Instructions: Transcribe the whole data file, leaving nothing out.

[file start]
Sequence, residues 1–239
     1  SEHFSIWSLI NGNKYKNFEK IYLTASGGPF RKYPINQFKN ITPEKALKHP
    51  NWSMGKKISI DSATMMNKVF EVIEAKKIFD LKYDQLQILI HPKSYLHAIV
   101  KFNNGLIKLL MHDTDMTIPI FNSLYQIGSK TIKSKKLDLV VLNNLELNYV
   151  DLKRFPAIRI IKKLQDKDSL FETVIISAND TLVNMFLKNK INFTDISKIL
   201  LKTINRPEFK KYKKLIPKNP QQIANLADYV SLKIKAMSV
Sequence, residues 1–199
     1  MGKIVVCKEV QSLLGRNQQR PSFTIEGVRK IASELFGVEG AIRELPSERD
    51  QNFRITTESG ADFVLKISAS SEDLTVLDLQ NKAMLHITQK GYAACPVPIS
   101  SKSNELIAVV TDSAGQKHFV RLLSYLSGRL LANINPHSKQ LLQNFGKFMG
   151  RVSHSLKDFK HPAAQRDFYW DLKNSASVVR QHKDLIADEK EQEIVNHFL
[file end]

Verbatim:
Sequence, residues 1–239
     1  SEHFSIWSLI NGNKYKNFEK IYLTASGGPF RKYPINQFKN ITPEKALKHP
    51  NWSMGKKISI DSATMMNKVF EVIEAKKIFD LKYDQLQILI HPKSYLHAIV
   101  KFNNGLIKLL MHDTDMTIPI FNSLYQIGSK TIKSKKLDLV VLNNLELNYV
   151  DLKRFPAIRI IKKLQDKDSL FETVIISAND TLVNMFLKNK INFTDISKIL
   201  LKTINRPEFK KYKKLIPKNP QQIANLADYV SLKIKAMSV
Sequence, residues 1–199
     1  MGKIVVCKEV QSLLGRNQQR PSFTIEGVRK IASELFGVEG AIRELPSERD
    51  QNFRITTESG ADFVLKISAS SEDLTVLDLQ NKAMLHITQK GYAACPVPIS
   101  SKSNELIAVV TDSAGQKHFV RLLSYLSGRL LANINPHSKQ LLQNFGKFMG
   151  RVSHSLKDFK HPAAQRDFYW DLKNSASVVR QHKDLIADEK EQEIVNHFL